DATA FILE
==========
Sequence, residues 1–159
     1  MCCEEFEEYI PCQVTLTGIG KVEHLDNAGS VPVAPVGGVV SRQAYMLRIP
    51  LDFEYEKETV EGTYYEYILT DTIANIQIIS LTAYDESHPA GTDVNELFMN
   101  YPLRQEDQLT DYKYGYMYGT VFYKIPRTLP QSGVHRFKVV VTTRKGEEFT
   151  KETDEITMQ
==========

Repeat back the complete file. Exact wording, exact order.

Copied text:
Sequence, residues 1–159
     1  MCCEEFEEYI PCQVTLTGIG KVEHLDNAGS VPVAPVGGVV SRQAYMLRIP
    51  LDFEYEKETV EGTYYEYILT DTIANIQIIS LTAYDESHPA GTDVNELFMN
   101  YPLRQEDQLT DYKYGYMYGT VFYKIPRTLP QSGVHRFKVV VTTRKGEEFT
   151  KETDEITMQ